The president of Iran refutes allegations of providing drones and other weapons to Russia and criticizes the interference of the United States.

Iran’s president refuted claims that his country had supplied drones to Russia for the conflict in Ukraine. However, the United States alleges that Iran not only supplied the weapons but also assisted Russia in establishing a manufacturing facility for them.

During the high-level leaders’ meeting at the U.N. General Assembly, President Ebrahim Raisi expressed his opposition to the war in Ukraine while meeting with media executives.

The Iranian leader addressed the public shortly after five Americans, who were previously detained in Iran, arrived in Qatar. They were released as part of an agreement in which President Joe Biden agreed to release approximately $6 billion of frozen Iranian assets.

Raisi, who is known for his tough stance, appeared to adopt a diplomatic approach. He reaffirmed his willingness to mediate the Russia-Ukraine conflict, even though he is a staunch supporter of the Kremlin. Additionally, he indicated that the recently concluded agreement with the United States, which resulted in a prisoner exchange and the release of assets, could potentially foster trust between these longstanding adversaries.

Raisi admitted that Iran and Russia have maintained a longstanding relationship, particularly in terms of defense collaboration. However, he refuted the claim of providing weapons to Moscow during the war. He challenged the accusers to present any evidence of Iran supplying weapons or drones to the Russians post-war.

Iranian officials have provided inconsistent statements regarding the drones. U.S. and European officials argue that the significant quantity of Iranian drones utilized in the Ukrainian conflict indicates that the supply of these weapons has not only persisted but also escalated since the start of hostilities.

Although Raisi made comments about trust, his attitude towards the United States was not entirely conciliatory as he also expressed harsh words at times.

Raisi expressed his country’s intention to establish positive relationships with all neighboring nations in the Middle East, such as Saudi Arabia and the United Arab Emirates.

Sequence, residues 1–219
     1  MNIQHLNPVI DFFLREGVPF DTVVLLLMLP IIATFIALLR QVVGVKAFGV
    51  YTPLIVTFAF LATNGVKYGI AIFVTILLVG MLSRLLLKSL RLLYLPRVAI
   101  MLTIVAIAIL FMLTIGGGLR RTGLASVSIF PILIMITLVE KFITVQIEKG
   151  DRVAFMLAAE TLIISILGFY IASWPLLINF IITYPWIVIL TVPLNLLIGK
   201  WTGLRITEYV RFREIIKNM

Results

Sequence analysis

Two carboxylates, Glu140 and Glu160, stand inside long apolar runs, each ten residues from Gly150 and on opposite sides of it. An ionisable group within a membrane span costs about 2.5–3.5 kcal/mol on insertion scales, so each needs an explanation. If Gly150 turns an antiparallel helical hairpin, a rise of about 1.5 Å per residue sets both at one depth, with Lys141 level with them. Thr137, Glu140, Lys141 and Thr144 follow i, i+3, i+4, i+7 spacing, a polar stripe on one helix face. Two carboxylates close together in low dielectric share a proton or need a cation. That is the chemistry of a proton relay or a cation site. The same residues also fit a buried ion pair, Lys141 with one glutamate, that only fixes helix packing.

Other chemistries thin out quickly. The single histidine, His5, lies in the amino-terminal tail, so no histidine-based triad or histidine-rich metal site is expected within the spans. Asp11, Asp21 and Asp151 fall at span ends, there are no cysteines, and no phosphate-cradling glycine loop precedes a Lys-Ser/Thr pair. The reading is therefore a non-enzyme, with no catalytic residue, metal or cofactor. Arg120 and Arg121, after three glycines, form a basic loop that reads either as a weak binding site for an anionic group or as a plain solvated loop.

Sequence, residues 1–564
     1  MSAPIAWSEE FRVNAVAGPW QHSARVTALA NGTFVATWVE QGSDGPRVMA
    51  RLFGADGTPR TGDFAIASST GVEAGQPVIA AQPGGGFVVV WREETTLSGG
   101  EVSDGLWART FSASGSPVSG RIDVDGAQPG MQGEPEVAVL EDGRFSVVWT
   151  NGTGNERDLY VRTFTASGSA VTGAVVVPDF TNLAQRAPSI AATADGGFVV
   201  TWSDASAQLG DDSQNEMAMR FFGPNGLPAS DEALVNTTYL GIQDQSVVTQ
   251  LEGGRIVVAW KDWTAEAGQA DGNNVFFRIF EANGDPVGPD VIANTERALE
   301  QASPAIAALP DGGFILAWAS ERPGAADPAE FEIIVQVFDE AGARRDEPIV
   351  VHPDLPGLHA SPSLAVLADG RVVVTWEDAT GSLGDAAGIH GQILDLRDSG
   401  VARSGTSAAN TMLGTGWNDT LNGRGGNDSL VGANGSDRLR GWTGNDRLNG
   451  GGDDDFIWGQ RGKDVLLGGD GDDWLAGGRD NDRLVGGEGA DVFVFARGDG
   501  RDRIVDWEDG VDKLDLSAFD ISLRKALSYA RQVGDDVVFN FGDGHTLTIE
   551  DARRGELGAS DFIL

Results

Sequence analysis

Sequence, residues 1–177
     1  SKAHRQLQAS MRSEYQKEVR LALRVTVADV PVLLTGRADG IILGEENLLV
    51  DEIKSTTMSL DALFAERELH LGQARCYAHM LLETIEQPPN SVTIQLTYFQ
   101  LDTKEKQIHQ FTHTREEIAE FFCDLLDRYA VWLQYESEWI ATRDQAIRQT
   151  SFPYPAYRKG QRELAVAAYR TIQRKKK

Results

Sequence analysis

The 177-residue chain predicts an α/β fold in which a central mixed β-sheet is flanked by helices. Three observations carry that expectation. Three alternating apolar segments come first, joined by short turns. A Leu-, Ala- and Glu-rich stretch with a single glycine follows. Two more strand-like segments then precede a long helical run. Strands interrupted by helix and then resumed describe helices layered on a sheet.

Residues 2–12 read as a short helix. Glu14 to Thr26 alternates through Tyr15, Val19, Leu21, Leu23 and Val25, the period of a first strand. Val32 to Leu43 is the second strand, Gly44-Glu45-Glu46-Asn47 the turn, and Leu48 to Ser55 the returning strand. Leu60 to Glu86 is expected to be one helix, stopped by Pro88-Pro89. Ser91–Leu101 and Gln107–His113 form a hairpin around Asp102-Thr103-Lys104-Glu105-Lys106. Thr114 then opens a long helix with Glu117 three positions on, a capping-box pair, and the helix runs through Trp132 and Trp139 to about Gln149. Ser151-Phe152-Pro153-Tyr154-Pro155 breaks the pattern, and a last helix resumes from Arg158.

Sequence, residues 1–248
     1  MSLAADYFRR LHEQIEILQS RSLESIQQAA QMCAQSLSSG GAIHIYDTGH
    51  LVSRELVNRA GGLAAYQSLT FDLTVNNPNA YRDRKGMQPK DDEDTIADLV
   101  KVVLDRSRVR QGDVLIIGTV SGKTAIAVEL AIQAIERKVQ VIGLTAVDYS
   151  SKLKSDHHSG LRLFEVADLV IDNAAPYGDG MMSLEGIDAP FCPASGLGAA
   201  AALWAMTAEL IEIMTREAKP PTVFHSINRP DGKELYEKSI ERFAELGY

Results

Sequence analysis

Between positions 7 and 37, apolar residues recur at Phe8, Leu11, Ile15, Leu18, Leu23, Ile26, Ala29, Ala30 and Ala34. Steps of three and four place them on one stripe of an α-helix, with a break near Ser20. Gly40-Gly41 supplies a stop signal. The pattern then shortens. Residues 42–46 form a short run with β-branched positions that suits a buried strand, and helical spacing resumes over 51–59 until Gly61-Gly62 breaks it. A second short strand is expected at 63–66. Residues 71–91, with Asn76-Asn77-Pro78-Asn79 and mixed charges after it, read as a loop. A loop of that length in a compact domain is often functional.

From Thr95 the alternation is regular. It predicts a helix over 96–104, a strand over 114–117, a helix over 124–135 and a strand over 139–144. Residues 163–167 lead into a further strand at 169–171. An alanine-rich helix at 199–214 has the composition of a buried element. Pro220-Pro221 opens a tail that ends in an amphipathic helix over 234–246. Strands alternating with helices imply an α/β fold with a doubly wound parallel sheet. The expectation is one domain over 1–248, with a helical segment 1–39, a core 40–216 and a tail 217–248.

Raisi expressed the belief that if the United States refrains from interfering in the Persian Gulf and other global regions, and focuses on its own affairs, there will be an improvement in the situation and relations of these countries.

After ships near their coasts were attacked, which was blamed on Iran, the United Arab Emirates initially attempted to resume diplomatic relations with Tehran. In March, Saudi Arabia, with the help of China, achieved a détente to restore diplomatic ties after a prolonged period of strain. This strain included conflicts such as the Saudi-led war in Yemen, Riyadh’s disapproval of Syrian President Bashar Assad, and concerns regarding Iran’s nuclear program.

Raisi cautioned neighboring countries against forming strong alliances with Israel, a close ally of the United States, stating that “establishing normal relations with the Zionist regime does not guarantee security.”

The Iranian leader was dismissive of Western criticism of his country’s treatment of women, its crackdown on dissent and its nuclear program, including over protests that began just over a year ago over the death in police custody last year of Mahsa Amini, a 22-year-old Kurdish-Iranian woman arrested for allegedly violating Iran’s mandatory headscarf law. As a prosecutor, Raisi took part in the 1988 mass executions that killed some 5,000 dissidents in Iran.

Raisi has attempted to depict the widespread demonstrations across the country as a Western conspiracy, despite lacking any supporting evidence.

“The Americans and Westerners are using women’s rights, hijab, human rights, and the nuclear issue as pretexts to undermine the independence of the Islamic republic,” he claimed.

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